This past Thursday, June 11, photographer Paul Wellman and I were escorted by representatives from U.S. Fish and Wildlife Service and the Santa Barbara Zoo deep into the Hopper Mountain National Wildlife Refuge, where we got an inside look at what’s being done to bring the endangered California condor back to the wild. It was the first trip in a series of excursions that we’ll be taking to research a forthcoming feature in The Santa Barbara Independent about the state of the condor, which nearly went extinct in the 1980s.
Though we weren’t promised any actual condor sightings, the day turned out to be a surprising success: Just a few minutes into our hike down a ridge, we found ourselves within a few dozen yards of a juvenile condor perched on a dead pine tree. Twenty minutes later, we reached a nest observation post. After watching a hole in the cliff for awhile, we had the unique opportunity to witness a condor pair trade off chick-watching duties. The two flew together for a few turns and the father did a few swoops near our position before he landed near the cave, preened his black and white feathers, sunned his large wings, and eventually hopped in to check out his chick. Later that afternoon, while making a pit stop at the Hopper Mountain ranch house, we also saw another pair of condors flying high in the sky.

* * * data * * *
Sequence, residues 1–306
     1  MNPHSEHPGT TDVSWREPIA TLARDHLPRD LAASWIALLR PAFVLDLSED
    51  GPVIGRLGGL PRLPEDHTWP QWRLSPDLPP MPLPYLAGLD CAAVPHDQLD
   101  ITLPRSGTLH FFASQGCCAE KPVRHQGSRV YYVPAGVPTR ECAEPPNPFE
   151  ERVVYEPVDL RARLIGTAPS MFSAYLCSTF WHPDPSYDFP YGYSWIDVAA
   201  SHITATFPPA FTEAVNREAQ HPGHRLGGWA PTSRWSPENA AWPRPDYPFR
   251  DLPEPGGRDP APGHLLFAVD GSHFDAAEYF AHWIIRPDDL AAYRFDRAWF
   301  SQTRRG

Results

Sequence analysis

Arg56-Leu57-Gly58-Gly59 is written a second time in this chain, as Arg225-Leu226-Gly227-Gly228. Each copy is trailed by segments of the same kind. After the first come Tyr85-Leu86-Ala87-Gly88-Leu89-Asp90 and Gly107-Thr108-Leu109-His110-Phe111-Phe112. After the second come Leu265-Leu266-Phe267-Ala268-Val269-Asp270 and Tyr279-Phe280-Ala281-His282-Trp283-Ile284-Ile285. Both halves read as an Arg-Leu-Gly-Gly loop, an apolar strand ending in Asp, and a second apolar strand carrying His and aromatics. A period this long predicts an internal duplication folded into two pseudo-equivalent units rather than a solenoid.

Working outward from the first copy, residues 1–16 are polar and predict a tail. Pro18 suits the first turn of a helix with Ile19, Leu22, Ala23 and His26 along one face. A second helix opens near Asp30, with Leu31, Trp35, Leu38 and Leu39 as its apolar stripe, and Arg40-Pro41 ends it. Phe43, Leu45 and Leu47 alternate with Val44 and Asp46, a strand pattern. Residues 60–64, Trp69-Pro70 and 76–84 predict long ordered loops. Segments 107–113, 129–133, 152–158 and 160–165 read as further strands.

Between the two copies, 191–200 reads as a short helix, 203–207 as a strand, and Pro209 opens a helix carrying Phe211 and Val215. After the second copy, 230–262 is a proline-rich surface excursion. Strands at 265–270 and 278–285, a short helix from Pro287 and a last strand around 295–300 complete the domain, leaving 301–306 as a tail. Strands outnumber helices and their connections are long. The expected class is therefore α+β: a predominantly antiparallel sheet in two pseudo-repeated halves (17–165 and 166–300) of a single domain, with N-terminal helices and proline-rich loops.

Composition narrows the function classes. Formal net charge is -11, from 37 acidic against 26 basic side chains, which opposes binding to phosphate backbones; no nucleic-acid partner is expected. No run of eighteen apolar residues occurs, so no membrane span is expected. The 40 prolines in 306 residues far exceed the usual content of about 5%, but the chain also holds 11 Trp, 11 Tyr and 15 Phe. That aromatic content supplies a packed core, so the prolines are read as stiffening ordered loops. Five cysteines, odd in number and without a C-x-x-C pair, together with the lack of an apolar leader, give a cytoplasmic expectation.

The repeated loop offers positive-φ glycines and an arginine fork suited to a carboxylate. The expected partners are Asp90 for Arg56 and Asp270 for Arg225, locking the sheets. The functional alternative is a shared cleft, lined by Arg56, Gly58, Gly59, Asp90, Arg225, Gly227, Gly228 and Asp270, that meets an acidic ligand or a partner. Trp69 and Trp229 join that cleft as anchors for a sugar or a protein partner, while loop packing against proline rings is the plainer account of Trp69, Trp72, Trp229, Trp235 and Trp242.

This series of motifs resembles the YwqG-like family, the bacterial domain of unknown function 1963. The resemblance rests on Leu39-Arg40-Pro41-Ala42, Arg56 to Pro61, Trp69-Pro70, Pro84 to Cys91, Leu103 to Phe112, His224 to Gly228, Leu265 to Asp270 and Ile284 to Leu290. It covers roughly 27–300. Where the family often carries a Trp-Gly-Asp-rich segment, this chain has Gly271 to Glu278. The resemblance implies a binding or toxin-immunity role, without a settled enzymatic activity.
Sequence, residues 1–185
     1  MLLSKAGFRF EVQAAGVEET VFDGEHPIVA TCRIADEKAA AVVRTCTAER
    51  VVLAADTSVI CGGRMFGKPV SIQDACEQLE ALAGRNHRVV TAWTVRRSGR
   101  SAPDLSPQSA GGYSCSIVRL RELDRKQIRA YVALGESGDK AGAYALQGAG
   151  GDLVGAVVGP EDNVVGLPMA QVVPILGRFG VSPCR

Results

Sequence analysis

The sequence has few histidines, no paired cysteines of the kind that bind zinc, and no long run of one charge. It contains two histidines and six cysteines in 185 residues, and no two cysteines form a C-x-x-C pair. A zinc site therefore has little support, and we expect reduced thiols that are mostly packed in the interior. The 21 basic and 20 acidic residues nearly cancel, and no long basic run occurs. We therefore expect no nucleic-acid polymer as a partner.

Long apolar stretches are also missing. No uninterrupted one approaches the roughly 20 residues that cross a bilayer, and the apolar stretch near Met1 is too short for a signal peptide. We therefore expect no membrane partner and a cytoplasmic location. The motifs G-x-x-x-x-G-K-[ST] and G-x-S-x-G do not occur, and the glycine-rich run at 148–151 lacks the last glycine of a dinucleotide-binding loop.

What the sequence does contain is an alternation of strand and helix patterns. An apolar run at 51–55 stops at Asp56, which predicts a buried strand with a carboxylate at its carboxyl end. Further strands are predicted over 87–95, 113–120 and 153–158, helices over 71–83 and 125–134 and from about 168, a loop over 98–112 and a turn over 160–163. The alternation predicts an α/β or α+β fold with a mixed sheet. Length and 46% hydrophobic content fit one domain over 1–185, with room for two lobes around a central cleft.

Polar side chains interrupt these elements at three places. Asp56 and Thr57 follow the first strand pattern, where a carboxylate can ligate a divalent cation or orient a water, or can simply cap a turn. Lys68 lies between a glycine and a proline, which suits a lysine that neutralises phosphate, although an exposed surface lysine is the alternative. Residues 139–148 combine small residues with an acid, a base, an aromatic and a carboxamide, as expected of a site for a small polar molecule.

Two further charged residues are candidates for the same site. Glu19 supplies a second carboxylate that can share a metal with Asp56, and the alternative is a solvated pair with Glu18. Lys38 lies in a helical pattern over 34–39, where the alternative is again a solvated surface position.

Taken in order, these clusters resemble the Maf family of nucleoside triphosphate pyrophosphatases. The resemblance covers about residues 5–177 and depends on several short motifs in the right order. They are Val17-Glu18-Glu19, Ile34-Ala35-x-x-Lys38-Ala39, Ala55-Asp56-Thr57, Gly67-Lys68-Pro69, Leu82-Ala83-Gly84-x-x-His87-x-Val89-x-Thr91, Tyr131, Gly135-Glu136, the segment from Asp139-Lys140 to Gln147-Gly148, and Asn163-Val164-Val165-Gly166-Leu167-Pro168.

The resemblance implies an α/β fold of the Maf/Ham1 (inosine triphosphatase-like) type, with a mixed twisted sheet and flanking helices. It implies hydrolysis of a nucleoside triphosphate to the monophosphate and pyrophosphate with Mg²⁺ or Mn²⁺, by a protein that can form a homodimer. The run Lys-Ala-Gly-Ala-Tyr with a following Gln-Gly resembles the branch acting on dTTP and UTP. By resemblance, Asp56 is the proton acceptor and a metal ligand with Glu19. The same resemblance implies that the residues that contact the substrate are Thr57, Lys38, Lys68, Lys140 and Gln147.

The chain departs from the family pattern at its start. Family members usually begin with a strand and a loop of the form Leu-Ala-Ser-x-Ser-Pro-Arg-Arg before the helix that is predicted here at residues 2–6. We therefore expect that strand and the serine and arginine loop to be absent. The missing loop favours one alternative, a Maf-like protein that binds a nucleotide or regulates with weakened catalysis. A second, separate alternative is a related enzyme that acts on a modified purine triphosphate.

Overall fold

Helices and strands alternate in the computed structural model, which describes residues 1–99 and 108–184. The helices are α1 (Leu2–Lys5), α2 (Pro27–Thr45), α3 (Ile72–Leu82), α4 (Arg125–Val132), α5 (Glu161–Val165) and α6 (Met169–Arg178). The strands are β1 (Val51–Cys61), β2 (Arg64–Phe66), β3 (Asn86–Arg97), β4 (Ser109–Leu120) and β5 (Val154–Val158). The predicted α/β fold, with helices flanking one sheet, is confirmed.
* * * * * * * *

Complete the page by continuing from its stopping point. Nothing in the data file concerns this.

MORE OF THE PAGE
Rather than have you wait until the article comes out later this year, we decided to publish Paul’s photos on our Web site today. We hope you enjoy them, and we hope there will be more sightings to come.